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What is a reasonable accommodation?

Reasonable accommodations are intended to ensure that qualified individuals with disabilities have rights in employment equal — not superior — to those of individuals without disabilities. A reasonable accommodation is a modification to a job, work environment or the way work is performed that allows an individual with a disability to apply for a job, perform the essential functions of the job, and enjoy equal access to benefits available to other individuals in the workplace.

Are accommodations for people with disabilities expensive?

The majority of workers with disabilities do not need accommodations to perform their jobs, and for those who do, the cost is usually minimal. According to the Job Accommodation Network (JAN), a service from the U.S. Department of Labor's Office of Disability Employment Policy, 57% of accommodations cost absolutely nothing to make, while the rest typically cost only $500. Moreover, tax incentives are available to help employers cover the costs of accommodations, as well as modifications required to make their businesses accessible to persons with disabilities.

Another aspect to keep in mind is that sometimes an accommodation for one person could serve as a Universal Design approach supporting everyone. For example, ergonomic chairs can support all employees in decreasing health issues while increasing productivity.

How can I support an inclusive work environment between recruitment and retention?

Inclusion is not a checkbox. It is an ongoing practice to ensure people feel welcomed and are welcomed. We are always striving to do better and be better in the workplace. Here are some ways to support:

  • Have a point of contact on your website for support in completing applications and/or requesting an accommodation for an interview.
  • Eliminate coded language, bias, and insider jargon in job descriptions.
  • Expand recruiting efforts by connecting with communities that you have not recruited from in the past (ex., Vocational Rehabilitation, American Job Centers).
  • Be intentional about inclusion by committing to accessibility in all facets of the workplace.
  • Provide space for collaboration and feedback to support and empower employees – ERGS are great!
Where can I get information about hiring someone with a disability?

Employer Assistance and Resource Network on Disability Inclusion (EARN) –

Dept of Labor, Office of Federal Contract Compliance Programs -

Email us at to see what direction is right for you.

Creating Inclusive Workspaces and Places

A key phrase we hear is Diversity and Inclusion, however we often forget the ‘I’ portion of that phrase.

Take a moment to think about your company. When you look around your workplace, what do you see? Who do you see? You may be wondering… “What can I do?” The truth is, there are many ways in which YOU can help foster a more inclusive workspace. Here are some tips and resources based on the different ways you can positively impact your workspace AND your company’s return on investment:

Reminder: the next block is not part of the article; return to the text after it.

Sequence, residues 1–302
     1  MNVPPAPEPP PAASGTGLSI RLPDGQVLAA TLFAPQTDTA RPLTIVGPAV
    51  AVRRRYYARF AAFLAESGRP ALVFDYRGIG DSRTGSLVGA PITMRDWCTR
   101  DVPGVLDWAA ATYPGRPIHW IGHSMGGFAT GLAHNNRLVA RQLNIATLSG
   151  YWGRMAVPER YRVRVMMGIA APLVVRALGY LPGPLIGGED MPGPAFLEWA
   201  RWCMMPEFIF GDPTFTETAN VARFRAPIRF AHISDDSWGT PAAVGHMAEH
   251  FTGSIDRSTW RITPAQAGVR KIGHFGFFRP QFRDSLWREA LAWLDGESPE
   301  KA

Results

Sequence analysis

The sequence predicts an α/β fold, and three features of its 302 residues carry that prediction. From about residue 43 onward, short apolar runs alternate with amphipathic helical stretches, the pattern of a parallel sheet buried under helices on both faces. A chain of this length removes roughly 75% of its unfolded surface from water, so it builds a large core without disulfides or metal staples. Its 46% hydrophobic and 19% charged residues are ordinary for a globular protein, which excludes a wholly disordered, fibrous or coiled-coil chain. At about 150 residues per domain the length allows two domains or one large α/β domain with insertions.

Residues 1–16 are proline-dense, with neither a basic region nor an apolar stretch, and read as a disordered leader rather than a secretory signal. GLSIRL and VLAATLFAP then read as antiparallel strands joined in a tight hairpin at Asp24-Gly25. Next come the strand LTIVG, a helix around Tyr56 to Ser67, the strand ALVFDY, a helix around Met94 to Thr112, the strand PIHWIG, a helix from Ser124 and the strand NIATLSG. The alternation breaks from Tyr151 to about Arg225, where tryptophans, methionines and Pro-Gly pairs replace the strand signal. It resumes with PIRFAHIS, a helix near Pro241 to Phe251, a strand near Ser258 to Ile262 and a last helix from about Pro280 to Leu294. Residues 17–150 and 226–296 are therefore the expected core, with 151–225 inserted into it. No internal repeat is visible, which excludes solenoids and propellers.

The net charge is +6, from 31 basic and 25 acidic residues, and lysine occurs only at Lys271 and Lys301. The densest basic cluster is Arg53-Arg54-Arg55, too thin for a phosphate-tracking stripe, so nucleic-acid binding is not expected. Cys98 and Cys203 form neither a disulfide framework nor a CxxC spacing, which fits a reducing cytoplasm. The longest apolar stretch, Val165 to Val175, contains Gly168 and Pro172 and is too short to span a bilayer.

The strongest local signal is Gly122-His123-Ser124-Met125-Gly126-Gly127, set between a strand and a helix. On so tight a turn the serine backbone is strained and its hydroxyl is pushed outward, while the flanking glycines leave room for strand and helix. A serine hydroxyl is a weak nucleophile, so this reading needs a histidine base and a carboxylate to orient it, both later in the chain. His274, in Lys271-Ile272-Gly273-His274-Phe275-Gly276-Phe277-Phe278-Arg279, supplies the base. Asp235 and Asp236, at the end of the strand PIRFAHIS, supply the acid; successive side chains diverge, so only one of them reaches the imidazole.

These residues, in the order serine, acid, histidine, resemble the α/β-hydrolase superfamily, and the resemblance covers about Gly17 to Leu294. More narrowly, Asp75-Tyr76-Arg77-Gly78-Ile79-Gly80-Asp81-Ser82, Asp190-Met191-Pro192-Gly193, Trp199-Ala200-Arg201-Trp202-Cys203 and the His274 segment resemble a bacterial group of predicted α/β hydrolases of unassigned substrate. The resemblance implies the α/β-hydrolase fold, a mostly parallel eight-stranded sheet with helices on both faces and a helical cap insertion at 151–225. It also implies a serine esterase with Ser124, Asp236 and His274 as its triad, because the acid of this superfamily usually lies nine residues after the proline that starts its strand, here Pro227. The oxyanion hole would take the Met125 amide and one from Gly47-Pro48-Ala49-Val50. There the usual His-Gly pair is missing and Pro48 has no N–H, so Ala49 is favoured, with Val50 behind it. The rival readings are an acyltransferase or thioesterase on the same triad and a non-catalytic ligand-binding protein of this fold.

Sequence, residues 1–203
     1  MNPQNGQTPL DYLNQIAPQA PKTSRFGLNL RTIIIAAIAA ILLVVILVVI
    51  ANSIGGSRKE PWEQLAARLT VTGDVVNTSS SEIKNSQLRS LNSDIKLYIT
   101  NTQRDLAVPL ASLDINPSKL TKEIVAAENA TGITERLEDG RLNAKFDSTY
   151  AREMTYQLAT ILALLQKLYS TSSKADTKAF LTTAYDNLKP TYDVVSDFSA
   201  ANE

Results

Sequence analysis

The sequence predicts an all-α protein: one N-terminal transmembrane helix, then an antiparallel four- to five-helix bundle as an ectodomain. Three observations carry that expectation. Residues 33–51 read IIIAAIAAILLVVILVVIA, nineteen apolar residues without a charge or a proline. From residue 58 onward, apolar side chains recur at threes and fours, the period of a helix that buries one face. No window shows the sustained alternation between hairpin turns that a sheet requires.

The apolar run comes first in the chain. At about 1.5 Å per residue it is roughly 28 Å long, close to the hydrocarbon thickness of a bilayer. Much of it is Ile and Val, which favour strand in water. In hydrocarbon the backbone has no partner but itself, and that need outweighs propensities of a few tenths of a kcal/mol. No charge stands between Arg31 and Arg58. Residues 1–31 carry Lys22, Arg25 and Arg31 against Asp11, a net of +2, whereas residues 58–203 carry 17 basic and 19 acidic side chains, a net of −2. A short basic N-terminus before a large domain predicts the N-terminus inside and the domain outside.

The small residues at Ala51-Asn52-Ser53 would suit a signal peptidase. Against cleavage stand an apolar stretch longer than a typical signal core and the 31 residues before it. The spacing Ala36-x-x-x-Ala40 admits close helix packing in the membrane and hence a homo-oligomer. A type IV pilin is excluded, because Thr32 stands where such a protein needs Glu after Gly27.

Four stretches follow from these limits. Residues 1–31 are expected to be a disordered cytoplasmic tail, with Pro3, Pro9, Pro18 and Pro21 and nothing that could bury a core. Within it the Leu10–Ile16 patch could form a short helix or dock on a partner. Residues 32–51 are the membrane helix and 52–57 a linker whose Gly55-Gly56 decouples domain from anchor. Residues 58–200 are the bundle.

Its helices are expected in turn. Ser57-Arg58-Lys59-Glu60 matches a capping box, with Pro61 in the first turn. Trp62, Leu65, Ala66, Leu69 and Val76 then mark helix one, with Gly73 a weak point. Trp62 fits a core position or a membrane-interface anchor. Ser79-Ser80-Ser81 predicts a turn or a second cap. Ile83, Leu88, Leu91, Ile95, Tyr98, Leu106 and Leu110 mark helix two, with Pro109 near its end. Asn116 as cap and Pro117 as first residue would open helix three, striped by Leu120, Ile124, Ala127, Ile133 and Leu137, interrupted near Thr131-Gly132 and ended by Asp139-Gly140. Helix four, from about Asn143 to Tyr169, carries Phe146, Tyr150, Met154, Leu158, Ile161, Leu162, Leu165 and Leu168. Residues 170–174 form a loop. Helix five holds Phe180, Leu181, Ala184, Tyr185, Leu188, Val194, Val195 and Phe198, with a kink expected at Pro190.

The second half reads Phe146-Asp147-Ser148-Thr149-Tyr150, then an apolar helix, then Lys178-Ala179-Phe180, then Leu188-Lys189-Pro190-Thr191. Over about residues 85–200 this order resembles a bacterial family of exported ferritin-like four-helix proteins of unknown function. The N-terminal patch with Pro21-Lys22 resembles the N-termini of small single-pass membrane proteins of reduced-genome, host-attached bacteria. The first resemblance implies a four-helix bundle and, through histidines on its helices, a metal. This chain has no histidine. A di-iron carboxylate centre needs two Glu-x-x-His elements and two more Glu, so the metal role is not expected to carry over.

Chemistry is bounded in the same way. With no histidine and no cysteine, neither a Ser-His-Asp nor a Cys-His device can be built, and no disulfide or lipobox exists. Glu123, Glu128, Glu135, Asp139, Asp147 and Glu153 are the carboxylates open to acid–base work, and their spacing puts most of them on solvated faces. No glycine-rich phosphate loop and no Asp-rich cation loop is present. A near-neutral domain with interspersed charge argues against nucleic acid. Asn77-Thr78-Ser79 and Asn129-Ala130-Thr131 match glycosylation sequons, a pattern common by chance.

Tips and Resources for Inclusive Workspaces

Ask a colleague or two to grab lunch –

Asking people to lunch who you do not normally associate with broadens your worldview. It also helps you expand your viewpoint within your job, as you gain perspectives from people in different roles and from various walks of life. These informal conversations can cultivate innovation and even support you in furthering your career. Maybe the role you’re in doesn’t allow for lunch breaks like this, so try simply changing up your environment in some other way that allows you to talk with colleagues you do not normally talk with. Even try bouncing an idea off of someone unexpected! Who knows what creativity may come of it!

Leave your assumptions at the door –

 It is often natural and easy to make assumptions about others in the workplace, however doing so often leads to misunderstandings, biases and wrong conclusions. Next time you find yourself assuming something (even as simple as “They’re probably too busy”), stop yourself. Ask the person the question and even if you confirm your assumption, you now have an informed understanding that can be explored further.

Value differences –

When people feel valued as individuals, it creates an environment welcoming of people to bring their whole selves to work. When this occurs, innovation happens. 

Provide employees a safe space to voice concerns –

This includes a transparent process to request an accommodation.

Make your workspace accessible (Universal Design) –

Universal Design can make your workplace more welcoming for everyone. From ramps, to elevators, to closed captioning, to providing alternative methods to meetings, knowing that people can access knowledge and resources in a variety of ways can help you be a more productive workplace. Enlist an expert if needed!

Understand that you will never be ‘done’ –

Just as companies grow and change over time, so does the notion of inclusion. This will be something that continually evolves, and you can always work on being better.

Additional Sites & Resources

These additional sites and resources can support you and your company in cultivating an accessible and inclusive workplace:

Creating an Accessible and Welcoming Workspace

Job Accommodation Network (JAN)